For the first time, Leopard will also offer direct support of Braille, using third-party Braille displays. Rounding out the accessibility improvements, QuickTime in Leopard will feature closed captioning support for a synchronized text track alongside audio and video.
Mail Call — The Leopard version of Mail will add several new features designed to enhance productivity and visual appeal. First is a template-based system that looks and acts remarkably like the interface for iWeb, Pages, and iDVD. Working from a predefined stationery file, you’ll be able to drag in images from your iPhoto library, type or paste in text, and get a nicely formatted newsletter, announcement, invitation, or greeting. Mail will send your message as HTML, readable in most modern email clients. (Enhancements to the plain text messages that make up the vast majority of email communications, if any, were not mentioned.) In addition to starting with a template, you can apply a template after the fact to a message you’ve already composed. The new version of Mail will also provide a facility for you to create your own templates.
Mail will also offer Notes, which enable you to write notes to yourself that appear in your Inbox (as well as in a separate Notes mailbox) without having to email them. Notes support full formatting, and can contain images, PDF files, and other media content.
In addition, in the Leopard version of Mail, any email message – or any selected text within a message or note – can be turned into a To Do item with a single click. These To Dos can have due dates, priorities, and alarms, and the capability to create them will be available as a system-wide service. For example, iCal and Mail will share the same To Do list, and third-party developers will also be able to contribute or access these To Do items.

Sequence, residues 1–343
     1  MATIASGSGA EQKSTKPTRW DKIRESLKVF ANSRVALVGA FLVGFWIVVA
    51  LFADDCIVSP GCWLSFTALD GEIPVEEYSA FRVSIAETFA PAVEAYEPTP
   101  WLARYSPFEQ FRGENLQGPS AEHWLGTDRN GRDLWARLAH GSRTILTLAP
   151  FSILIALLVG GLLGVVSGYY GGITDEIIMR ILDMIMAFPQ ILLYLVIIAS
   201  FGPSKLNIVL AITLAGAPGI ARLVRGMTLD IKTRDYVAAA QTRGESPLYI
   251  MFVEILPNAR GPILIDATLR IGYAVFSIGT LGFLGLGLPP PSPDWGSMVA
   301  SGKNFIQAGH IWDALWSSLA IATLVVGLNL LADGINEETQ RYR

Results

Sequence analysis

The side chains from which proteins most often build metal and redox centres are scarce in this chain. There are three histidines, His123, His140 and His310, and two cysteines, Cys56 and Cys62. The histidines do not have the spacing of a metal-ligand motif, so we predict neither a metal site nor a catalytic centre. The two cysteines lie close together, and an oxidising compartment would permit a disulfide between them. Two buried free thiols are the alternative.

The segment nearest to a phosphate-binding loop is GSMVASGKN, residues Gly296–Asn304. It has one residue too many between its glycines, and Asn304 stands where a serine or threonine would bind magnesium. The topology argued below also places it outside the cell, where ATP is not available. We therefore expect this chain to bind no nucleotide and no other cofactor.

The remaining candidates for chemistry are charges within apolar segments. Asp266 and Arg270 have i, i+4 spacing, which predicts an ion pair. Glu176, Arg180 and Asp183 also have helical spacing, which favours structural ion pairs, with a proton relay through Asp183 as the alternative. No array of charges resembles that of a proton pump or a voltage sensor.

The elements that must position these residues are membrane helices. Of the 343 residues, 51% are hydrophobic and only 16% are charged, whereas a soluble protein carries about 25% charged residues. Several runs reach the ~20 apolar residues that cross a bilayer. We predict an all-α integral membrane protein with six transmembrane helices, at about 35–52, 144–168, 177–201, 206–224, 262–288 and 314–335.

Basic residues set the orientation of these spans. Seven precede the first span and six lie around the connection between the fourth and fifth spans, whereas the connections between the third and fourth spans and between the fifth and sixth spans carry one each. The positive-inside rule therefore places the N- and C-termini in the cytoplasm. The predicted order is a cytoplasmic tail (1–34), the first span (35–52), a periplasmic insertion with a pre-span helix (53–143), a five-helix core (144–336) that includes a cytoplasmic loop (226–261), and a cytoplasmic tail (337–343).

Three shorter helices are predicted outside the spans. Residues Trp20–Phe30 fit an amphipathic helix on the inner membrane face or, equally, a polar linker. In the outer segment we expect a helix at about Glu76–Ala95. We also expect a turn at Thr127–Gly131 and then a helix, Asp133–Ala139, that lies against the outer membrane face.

Mentioned on Apple’s Web site but not demonstrated at the keynote was RSS support in Mail. You’ll be able to subscribe to RSS feeds and have the articles appear in your Inbox; using Smart Mailboxes, you can also sort, group, or filter news articles. Presumably this is in addition to, rather than a replacement of, the RSS support in Safari.
A More Dashing Dashboard — No Tiger feature was as polarizing as Dashboard: many people love it (as evidenced by the more than 2,500 widgets now shipping), and many people hate it (or just ignore it). The keynote crowd’s initial reaction on hearing that Dashboard was one of the top 10 new features in Leopard was muted at best, but by the end of the demonstration, there was hearty cheering. What got everyone excited was a new feature called Web Clip, which will enable anyone to create a custom Dashboard widget from a portion of any Web page in seconds, with no coding at all. After navigating to the desired page in Safari, you’ll click a toolbar button, which opens Dashboard and brings up your page in a new widget. Resize and reposition this widget to show just the portion of the page you’re interested in, click Close, and you’ve got a new, dynamically updating widget that can display auction progress, a webcam, news headlines, or any other Web content (as long as the X-Y coordinates of the Web content don’t change). You’ll also be able to choose any of several themes to adjust your widget’s border. Advertisers won’t be happy about this feature, which will likely be used to extract content from ad-laden Web pages.
iChat to Add Screen Sharing and Effects — Apple’s iChat instant messaging client, which provided audio and video chats in Mac OS X 10.3 and added multi-user audio and video chats in Mac OS X 10.4, promises to leap further ahead with several new capabilities, some reflecting most-requested features (or features already found in other chat clients) and others reflecting new technologies not found in anything but high-end collaboration software.